“That was a very strong learning outcome from those initial sessions. Teachers told us that the legal language we introduced them to started to become commonplace,” says Joyce.

Hitting a ball around, competing and being physically active are also a perfect afternoon release for the thoughts and feelings that are stirred by what can be intense morning sessions with Sam. Intrinsically, cricket also teaches skills such as leadership and effective teamwork.

“Having ex-offenders deliver part of the programme worked really well too,” said Sam. “The young people respected the experience of the tutors and they were seen as positive role models, and therefore able to engage the young people.”

At the end of the programme, the young people are signposted to an accessible and inclusive local cricket club. When the programme runs again this year, this element will be strengthened to facilitate sustainability.

Key outcomes of the programme were:

  • Prevent participants from disengaging in education
  • Provide a safe place to share difficult thoughts, feelings and events – acknowledging that what’s happening on the outside is affecting them within the school gates
  • Change attitudes and behaviours of young people in gangs, carrying knives or using drugs
  • Develop understanding of consequences of actions
  • Build coping skills and resilience
  • Provide them with an alternative to crime
  • Give them a chance to build teamwork and co-operation skills through cricket
  • Provide opportunities to transition to a Chance to Shine project or cricket club outside school

Impact

Crime-3The young people on the programme reported a real change in their attitudes towards carrying knives, committing crimes and the police. Armed with vital information about the consequences of their involvement in crime, they were able to make better-informed decisions.

Teachers at their schools reported a greater understanding of risk and greater academic engagement. The cricket element added a chance to have fun and be active, as well as deepening understanding of key issues.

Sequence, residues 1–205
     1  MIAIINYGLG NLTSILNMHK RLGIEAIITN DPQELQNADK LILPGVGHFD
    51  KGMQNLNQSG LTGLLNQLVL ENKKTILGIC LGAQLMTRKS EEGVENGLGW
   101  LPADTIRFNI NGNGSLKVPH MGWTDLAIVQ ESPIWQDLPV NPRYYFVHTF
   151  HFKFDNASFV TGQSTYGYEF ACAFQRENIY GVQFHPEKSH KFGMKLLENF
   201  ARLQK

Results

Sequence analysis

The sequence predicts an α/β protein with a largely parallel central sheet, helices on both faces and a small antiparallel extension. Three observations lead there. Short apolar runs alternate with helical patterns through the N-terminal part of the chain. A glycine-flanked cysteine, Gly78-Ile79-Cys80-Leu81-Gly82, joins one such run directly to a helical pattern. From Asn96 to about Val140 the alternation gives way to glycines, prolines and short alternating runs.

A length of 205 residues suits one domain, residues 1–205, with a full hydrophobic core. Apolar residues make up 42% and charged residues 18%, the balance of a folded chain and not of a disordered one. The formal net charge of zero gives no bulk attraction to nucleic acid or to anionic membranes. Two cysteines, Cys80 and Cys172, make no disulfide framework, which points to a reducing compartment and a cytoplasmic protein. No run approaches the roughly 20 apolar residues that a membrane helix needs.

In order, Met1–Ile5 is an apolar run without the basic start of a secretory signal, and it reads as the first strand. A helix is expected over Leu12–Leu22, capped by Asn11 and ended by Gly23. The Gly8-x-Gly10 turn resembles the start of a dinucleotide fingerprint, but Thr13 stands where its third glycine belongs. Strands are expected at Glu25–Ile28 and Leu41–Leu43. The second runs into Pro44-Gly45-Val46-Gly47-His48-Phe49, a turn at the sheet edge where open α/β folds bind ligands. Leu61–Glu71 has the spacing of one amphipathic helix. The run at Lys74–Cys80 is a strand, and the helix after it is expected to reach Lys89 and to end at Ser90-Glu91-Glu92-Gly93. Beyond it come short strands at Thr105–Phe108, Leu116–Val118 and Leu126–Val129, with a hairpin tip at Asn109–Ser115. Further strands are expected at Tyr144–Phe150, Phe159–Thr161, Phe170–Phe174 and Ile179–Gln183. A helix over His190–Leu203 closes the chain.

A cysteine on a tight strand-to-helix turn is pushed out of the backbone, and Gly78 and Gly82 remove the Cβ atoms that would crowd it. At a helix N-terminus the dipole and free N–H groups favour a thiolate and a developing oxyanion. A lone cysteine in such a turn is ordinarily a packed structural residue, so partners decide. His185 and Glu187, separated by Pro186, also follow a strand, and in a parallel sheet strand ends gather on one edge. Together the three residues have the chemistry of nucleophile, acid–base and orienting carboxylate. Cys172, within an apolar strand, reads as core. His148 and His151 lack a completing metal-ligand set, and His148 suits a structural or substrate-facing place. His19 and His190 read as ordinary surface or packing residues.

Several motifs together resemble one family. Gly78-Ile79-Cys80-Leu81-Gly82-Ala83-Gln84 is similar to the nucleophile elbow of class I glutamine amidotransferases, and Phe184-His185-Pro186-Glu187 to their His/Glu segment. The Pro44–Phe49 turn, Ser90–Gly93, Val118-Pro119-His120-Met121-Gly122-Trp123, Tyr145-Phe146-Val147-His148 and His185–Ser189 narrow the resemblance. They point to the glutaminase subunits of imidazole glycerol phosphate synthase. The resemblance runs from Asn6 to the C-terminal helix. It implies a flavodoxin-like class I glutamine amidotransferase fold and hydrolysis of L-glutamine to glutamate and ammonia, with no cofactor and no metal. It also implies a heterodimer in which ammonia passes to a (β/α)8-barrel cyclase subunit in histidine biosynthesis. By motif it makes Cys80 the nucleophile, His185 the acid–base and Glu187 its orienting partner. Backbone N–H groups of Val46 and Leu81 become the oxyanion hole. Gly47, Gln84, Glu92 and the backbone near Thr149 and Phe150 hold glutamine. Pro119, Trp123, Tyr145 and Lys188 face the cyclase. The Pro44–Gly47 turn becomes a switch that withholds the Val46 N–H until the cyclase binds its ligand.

Teacher 1: “I do feel that it’s helping the way I can communicate with them about some issues in school. It’s almost like they’re understanding it now more from our point of view. I constantly bring the work Tanayah is doing with them into my conversations with them and my colleague has also told me that the cricket has helped him too.”

Teacher 2: “A couple of them have had run-ins with the police and their outlook has changed from being completely shut-off and aggressive to learning the strategies that Tanayah has taught them by asking questions calmly. They’ve changed their outlook on the police as well,

from shouting at them out of a window and calling them pigs to now saying ‘all right, how are you doing?’ It’s been a compete culture change.”

Young person 1: “I feel like I could deal with the police better. I also think that I would never put myself in the position to get done for anything such as carrying a knife or joint enterprise.”

Young person 2: “I think that there are now people that can help me and that a life of crime isn’t the right way to live.”

The Alliance of Sport would like to thank Chance to Shine and TSA Projects for being part of our Ministry of Justice Review of Sport in Youth Justice.